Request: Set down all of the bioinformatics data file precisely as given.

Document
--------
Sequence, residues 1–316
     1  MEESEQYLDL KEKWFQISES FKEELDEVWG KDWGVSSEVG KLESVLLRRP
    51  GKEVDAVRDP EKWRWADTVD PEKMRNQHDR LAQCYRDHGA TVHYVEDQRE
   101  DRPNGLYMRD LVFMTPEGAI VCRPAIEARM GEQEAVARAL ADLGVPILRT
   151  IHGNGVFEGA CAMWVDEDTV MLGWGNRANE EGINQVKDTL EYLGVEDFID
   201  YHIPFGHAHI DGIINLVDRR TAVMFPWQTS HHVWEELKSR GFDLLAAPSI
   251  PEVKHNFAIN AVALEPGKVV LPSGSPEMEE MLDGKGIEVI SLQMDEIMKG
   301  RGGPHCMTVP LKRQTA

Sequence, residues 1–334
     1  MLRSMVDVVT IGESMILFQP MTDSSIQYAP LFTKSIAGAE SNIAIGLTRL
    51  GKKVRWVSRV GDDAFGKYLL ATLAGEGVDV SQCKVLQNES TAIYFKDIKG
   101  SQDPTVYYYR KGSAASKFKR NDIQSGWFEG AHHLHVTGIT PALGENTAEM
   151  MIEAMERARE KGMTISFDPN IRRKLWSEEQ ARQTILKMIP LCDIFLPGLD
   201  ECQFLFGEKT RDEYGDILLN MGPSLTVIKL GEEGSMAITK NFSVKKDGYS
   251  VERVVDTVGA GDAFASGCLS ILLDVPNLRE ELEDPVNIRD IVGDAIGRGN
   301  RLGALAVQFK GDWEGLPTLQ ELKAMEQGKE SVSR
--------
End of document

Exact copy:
Sequence, residues 1–316
     1  MEESEQYLDL KEKWFQISES FKEELDEVWG KDWGVSSEVG KLESVLLRRP
    51  GKEVDAVRDP EKWRWADTVD PEKMRNQHDR LAQCYRDHGA TVHYVEDQRE
   101  DRPNGLYMRD LVFMTPEGAI VCRPAIEARM GEQEAVARAL ADLGVPILRT
   151  IHGNGVFEGA CAMWVDEDTV MLGWGNRANE EGINQVKDTL EYLGVEDFID
   201  YHIPFGHAHI DGIINLVDRR TAVMFPWQTS HHVWEELKSR GFDLLAAPSI
   251  PEVKHNFAIN AVALEPGKVV LPSGSPEMEE MLDGKGIEVI SLQMDEIMKG
   301  RGGPHCMTVP LKRQTA

Sequence, residues 1–334
     1  MLRSMVDVVT IGESMILFQP MTDSSIQYAP LFTKSIAGAE SNIAIGLTRL
    51  GKKVRWVSRV GDDAFGKYLL ATLAGEGVDV SQCKVLQNES TAIYFKDIKG
   101  SQDPTVYYYR KGSAASKFKR NDIQSGWFEG AHHLHVTGIT PALGENTAEM
   151  MIEAMERARE KGMTISFDPN IRRKLWSEEQ ARQTILKMIP LCDIFLPGLD
   201  ECQFLFGEKT RDEYGDILLN MGPSLTVIKL GEEGSMAITK NFSVKKDGYS
   251  VERVVDTVGA GDAFASGCLS ILLDVPNLRE ELEDPVNIRD IVGDAIGRGN
   301  RLGALAVQFK GDWEGLPTLQ ELKAMEQGKE SVSR